In April and May BBYAC had its first two part session exploring the fabulous work and project currently being undertaken by Dyfed Archaeological Trust, the Brecon Beacons National Park Authority and other partners, as part of the Calch Project, exploring the lime heritage of Mynydd Du, in the west of the Brecon Beacons National Park.
The first part of the session in April saw us indoors learning all about the hidden secrets and history of Mynydd Du. We all know the importance of coal mining to Wales’ past, but in these sessions we learnt all about a lesser known but just as important part of our history, the history of Lime. We discovered how Mynydd Du was once a bustling centre of activity, alive with the hammering of chisels, the blasting of rock and aglow with the burning of limekilns, unearthing the story of lime and the people who worked (and some who died) here along the way, and how they shaped our landscape.
Here we are venturing outdoors exploring the nearby Watton Limekilns to help us understand the story of lime.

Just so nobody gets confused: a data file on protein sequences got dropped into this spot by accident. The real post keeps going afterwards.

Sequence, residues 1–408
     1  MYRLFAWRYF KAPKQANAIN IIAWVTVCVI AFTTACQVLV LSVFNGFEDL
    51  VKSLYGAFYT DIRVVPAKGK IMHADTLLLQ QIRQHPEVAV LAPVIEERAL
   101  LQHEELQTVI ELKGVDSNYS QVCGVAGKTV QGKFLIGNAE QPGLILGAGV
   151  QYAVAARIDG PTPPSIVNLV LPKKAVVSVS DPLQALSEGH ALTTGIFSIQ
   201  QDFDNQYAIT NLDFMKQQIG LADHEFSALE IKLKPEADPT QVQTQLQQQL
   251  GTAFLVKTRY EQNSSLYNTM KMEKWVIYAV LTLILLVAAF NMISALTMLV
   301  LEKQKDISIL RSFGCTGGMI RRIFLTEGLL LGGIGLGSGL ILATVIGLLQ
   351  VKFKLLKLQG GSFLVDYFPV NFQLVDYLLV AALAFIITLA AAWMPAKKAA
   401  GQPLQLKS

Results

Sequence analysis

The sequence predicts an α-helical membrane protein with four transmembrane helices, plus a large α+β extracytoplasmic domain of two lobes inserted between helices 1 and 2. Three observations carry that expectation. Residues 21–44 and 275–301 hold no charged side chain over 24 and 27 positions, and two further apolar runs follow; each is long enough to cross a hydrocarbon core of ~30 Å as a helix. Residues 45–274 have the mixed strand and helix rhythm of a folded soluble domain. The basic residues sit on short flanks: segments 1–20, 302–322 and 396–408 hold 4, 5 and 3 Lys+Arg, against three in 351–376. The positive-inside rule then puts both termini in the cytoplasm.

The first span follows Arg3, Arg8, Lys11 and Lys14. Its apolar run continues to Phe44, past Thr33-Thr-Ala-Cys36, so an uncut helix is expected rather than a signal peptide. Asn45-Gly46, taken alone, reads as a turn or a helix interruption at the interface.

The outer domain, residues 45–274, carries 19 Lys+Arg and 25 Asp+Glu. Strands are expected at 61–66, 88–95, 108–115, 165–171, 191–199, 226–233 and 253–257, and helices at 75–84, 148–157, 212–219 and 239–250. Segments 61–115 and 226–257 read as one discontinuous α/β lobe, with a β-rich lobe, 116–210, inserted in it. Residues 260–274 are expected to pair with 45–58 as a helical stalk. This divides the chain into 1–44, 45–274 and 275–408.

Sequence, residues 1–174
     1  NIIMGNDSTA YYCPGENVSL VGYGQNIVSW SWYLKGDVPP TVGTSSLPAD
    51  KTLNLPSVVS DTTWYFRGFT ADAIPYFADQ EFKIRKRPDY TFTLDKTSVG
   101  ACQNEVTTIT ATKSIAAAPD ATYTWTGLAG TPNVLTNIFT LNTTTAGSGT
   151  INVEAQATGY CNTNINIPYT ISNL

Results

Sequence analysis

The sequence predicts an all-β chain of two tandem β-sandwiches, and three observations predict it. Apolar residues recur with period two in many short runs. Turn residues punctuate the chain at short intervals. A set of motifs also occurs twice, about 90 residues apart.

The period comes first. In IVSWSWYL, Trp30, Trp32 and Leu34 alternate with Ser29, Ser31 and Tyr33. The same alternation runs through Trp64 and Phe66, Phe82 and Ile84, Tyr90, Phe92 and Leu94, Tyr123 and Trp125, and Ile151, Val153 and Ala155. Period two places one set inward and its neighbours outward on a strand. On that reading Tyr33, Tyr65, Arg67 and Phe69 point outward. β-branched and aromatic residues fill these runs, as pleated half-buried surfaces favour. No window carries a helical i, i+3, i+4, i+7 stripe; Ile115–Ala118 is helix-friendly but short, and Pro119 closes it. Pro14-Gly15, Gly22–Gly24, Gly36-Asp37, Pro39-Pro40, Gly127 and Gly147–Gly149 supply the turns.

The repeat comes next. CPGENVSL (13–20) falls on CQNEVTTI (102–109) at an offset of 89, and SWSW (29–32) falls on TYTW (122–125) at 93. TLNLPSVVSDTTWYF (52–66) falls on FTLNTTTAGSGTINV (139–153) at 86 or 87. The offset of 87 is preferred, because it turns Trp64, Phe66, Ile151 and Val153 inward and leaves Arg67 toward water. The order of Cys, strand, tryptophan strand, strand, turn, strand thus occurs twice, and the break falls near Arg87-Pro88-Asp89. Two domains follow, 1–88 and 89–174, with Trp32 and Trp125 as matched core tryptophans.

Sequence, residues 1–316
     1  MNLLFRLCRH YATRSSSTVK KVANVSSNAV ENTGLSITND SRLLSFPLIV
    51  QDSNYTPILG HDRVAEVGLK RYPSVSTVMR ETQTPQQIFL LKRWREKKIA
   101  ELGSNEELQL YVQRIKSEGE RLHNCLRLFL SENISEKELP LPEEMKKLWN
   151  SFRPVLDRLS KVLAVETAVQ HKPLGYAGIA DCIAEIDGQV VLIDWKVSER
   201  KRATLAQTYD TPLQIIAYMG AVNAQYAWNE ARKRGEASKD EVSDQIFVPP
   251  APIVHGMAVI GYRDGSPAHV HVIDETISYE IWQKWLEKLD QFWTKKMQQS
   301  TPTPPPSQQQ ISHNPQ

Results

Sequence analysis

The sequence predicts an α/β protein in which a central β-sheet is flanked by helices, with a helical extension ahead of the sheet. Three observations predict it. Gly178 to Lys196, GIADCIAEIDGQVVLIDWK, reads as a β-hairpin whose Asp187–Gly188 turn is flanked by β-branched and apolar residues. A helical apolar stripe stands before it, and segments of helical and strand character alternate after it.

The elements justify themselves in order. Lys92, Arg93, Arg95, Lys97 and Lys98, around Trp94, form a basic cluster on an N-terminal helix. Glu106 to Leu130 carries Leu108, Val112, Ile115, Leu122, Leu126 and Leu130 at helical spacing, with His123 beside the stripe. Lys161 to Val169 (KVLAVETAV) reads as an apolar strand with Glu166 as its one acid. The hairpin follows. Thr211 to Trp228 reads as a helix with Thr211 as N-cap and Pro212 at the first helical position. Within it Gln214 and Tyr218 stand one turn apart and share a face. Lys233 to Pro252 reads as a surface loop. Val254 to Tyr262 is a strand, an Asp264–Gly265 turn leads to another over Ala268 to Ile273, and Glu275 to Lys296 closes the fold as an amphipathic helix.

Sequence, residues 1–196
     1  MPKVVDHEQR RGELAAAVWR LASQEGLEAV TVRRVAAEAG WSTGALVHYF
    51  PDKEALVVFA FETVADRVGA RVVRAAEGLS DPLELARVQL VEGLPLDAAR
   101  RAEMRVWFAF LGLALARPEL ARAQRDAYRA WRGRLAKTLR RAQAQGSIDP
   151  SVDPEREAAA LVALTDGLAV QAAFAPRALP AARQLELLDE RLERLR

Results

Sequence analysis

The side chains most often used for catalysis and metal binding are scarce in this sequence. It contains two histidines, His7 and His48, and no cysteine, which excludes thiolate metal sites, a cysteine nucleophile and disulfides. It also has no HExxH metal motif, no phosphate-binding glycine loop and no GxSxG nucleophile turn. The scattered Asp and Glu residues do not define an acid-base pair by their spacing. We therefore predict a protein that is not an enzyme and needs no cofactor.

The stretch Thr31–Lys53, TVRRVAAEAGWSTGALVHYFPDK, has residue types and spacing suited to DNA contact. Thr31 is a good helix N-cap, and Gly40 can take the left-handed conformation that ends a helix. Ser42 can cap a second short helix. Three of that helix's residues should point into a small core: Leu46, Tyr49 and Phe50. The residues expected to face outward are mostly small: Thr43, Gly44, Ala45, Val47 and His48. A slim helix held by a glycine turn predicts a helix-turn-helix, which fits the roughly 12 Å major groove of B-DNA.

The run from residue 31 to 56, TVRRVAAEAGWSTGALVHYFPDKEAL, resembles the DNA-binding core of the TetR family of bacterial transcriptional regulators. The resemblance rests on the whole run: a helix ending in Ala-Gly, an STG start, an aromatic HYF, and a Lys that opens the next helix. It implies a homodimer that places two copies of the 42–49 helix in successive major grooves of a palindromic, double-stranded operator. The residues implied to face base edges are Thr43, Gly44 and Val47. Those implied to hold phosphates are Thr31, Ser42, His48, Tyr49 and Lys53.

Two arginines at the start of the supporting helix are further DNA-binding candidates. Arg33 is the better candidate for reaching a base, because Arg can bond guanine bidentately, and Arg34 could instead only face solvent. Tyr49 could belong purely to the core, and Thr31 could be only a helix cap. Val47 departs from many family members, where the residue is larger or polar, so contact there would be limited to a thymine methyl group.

By the end of session we were be prepared for Part Two of our exploration of this
fantastic site in our May session, when BBYAC went on our first ever field trip
to see the site for ourselves.
The site is almost right on the top of the mountain, and despite some lovely weather in the week before and the week after, lots of rain was forecast for the day of our session. However, archaeologists are a hardy bunch, and this was our first field trip, so we were not going to be put off by a bit of rain. So, we donned our waterproofs and got on the minibus. After an hours journey of excitement and anticipation we arrived at the site to some very rainy and windy weather! With horizontal driving rain we managed a quick 10 minutes to look at some of the remains of the kilns on the site, but unfortunately had to abandon our site visit for the warmth and dry of Llanddeusant Youth Hostel, where we warmed up with a drink and a biscuit and turned our intentions to some calch inspired crafting activities instead.
This was not the session or activities we had planned but everyone had a great time, a real adventure and learned a valuable lesson…sometimes the weather is too bad even for archaeologists!
We didn’t take any photos on the the mountain – the weather was just too bad…so here are some pictures of what it is like on a good weather day, courtesy of Dyfed Archaeological Trust.